‘Tis the Season to Pause

Guest blog post by April Yamasaki, author of Sacred Pauses: Spiritual Practices for Personal Renewal (Herald Press, 2013).

This year from Advent to Epiphany, my church is following the journey of the magi, with a clue each Sunday for where our three wise men nativity figures will appear next. On the first Sunday of Advent, they were upstairs in a Sunday school classroom. This last Sunday, they were in my office–one on the low book case by the door, and the other two on top of my tall shelving unit by the window. Each Sunday they’ll be in a different place in the church, until they finally arrive at the nativity scene in the sanctuary on Epiphany Sunday.

Photo credit Free Digital Photos at www.FreeDigitalPhotos.net

Photo credit Free Digital Photos at www.FreeDigitalPhotos.net

I was delighted when the chair of our worship committee suggested this idea. What a fun and creative way to celebrate the Advent-Epiphany season! It’s great for the children and for all ages in our congregation, as we look for the clue and the wise men each week and anticipate their arrival at the front of the sanctuary.

Their five-week journey through the church reminds us that the wise men travelled a long way before they found Jesus. I imagine them stopping night after night under the stars or perhaps at an inn, resting before the next leg of their journey and wondering what the next day might bring.

In my imagination at least, the magi pause in their journey, and so remind me to pause in my own journey as well. Instead of staying up late and getting up early as I often do, I’m reminded to pause and get a good night’s sleep. Instead of rushing toward Christmas in a whirl of activity, I’m reminded to slow down and look for Jesus every day.

For me, taking this time to pause means that some things have been left undone. I don’t decorate a lot at Christmas, but I usually have our nativity scene and a few other special ornaments set up by now; instead, they’re still patiently waiting in the basement until I can get to them in the next day or two. I don’t do a lot of Christmas baking, but I usually do some; this year, I’ve made just one batch of cookies so far.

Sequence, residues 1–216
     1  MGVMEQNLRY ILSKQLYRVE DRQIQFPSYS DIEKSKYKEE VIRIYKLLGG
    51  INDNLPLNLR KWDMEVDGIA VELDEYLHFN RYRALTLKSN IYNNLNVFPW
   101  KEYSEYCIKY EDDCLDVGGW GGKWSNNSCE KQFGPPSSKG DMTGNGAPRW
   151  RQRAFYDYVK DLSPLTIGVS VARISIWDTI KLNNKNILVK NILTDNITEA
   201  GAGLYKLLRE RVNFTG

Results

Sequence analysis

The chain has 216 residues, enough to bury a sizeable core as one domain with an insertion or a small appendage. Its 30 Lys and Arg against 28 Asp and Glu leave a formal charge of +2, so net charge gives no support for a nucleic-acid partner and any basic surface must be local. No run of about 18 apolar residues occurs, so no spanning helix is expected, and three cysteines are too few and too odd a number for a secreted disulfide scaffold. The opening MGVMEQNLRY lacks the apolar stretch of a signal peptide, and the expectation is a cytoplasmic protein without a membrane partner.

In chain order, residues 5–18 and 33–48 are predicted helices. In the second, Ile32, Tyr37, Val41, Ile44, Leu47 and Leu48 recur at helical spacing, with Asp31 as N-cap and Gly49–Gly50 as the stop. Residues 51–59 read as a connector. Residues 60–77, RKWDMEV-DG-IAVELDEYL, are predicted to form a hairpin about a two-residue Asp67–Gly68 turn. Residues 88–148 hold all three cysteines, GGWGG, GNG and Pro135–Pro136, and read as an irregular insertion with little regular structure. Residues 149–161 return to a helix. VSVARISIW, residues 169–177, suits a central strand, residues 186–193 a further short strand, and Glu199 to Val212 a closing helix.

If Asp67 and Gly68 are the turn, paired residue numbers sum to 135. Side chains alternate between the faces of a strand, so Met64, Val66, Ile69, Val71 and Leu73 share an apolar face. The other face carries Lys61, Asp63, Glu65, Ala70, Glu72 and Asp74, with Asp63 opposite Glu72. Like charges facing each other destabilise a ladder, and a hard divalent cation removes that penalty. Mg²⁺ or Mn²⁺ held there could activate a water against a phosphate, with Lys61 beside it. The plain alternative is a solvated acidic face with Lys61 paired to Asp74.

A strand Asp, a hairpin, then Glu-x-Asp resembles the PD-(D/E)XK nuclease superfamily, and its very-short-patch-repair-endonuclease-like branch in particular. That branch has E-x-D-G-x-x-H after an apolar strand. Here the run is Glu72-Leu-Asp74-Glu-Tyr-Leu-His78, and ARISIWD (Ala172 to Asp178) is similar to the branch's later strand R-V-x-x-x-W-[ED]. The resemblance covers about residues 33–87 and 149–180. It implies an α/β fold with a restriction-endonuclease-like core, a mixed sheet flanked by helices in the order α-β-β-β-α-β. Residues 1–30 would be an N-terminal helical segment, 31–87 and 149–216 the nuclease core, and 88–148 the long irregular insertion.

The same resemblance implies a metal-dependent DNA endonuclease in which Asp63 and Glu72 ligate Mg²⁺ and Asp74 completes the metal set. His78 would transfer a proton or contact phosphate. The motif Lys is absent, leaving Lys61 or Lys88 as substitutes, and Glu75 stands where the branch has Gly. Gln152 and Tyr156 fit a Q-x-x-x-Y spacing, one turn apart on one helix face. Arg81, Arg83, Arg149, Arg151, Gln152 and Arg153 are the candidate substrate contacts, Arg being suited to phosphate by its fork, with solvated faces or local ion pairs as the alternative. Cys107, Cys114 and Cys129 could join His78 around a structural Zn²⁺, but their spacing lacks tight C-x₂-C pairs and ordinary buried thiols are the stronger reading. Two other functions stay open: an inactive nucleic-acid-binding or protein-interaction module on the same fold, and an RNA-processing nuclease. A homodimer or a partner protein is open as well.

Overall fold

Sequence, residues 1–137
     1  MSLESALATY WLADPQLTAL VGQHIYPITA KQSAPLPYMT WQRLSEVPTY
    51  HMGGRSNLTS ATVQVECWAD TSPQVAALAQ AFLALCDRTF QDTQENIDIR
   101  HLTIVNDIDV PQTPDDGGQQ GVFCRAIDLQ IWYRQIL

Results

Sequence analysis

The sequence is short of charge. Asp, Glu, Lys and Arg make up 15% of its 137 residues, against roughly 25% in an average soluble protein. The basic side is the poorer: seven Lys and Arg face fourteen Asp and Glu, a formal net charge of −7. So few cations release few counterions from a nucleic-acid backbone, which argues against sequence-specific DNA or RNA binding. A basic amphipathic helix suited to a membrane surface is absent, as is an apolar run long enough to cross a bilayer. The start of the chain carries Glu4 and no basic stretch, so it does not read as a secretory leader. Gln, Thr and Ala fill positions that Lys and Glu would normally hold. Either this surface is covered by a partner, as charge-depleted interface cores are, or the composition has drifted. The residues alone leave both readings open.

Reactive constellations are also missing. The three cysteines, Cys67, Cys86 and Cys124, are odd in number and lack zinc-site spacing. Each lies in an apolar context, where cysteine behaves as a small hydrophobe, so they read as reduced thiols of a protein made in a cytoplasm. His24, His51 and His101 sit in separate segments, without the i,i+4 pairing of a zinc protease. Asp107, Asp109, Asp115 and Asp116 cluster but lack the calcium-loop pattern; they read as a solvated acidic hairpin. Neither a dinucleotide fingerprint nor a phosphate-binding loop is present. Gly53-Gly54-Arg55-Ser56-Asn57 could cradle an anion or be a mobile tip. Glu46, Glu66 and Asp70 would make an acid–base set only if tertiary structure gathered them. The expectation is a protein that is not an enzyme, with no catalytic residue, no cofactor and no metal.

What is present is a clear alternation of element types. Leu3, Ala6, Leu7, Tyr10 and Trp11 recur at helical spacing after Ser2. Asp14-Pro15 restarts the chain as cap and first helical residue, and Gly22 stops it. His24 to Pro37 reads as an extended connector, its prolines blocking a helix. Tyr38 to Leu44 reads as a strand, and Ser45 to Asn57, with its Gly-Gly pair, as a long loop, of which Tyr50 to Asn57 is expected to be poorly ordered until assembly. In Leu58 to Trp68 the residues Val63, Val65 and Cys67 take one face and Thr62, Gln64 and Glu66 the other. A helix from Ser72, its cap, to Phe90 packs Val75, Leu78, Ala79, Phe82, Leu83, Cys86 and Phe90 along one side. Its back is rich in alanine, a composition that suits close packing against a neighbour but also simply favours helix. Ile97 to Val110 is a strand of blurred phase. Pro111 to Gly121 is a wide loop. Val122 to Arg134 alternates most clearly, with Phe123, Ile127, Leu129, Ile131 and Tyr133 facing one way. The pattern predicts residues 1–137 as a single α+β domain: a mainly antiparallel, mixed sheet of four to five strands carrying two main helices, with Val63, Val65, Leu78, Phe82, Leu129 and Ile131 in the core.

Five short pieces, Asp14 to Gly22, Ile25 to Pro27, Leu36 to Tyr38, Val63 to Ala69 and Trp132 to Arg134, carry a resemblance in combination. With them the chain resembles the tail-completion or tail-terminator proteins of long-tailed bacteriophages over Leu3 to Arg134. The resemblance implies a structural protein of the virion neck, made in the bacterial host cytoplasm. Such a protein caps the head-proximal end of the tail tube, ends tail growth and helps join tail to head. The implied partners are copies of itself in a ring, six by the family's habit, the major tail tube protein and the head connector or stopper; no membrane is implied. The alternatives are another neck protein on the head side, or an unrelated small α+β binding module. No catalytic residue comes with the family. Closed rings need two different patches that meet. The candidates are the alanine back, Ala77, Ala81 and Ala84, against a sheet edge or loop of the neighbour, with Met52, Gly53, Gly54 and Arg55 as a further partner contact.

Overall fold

Yes, I’m busy with a lot of things as usual, but I’m also taking time to pause and savor this season. There is time to pause in expectation and wonder as God continues to work in our lives and in the world.

How are you taking time to pause this Advent season? Is there something that you need to leave undone in order to pause?


April’s book Sacred Pauses is available from the MennoMedia store here. April posts regularly at her own blog, here.Twitter: @SacredPauses



4 thoughts on “‘Tis the Season to Pause

  1. I love the idea of the wise men journeying through the church! It’s what they, and Mary and Joseph do in my and many other homes every year. Even my shepherds are away from the manger on a patch of green felt tending their sheep. I love the way moving them helps me and my grandchildren mark the approach of Christmas and identify with the long journey toward Bethlehem. It’s part of the Art of Spiritual Grandparenting. 🙂 (A book with that subtitle is also available from MennoMedia. It’s another great stocking stuffer for older people on your Christmas list.) My other decorations aren’t up yet either, and 2 simple kinds of cookies are all I’ve baked so far, but it’s a good season. Blessed Advent

  2. Thanks, Elsie – maybe next year, our other nativity figures will be on the move too 🙂 I love your book, Please Pass the Faith: The Art of Spiritual Grandparenting – readers may be interested in my review http://aprilyamasaki.com/2012/08/27/please-pass-the-faith-book-review/ which also includes the link to purchase from MennoMedia. I do love the gradual unfolding of Advent so I’m not in a rush to decorate and bake all at once, and I’m glad to be in good company with you.

  3. I was born in Puerto Rico… for us, the gift giving in that culture was not, typically, on Christmas day (although, we Merkin transplants did so). We waited until El Dia de Los Reyes to do so. Experiencing the “journey” of the magi in this creative setting evokes, for me, putting a shoe box of grass under my bed for the pack animals of the kings as they went searching for the infant Christ and waking up the following morning to some sort of gift in exchange for the hospitality. Thanks for sharing your own expression of the magi, April!

    • What a beautiful tradition! I love the idea of hospitality and caring for the pack animals – how appropriate to remember them too in caring for “the least of these.” I will want to find some way of sharing that with my congregation too.

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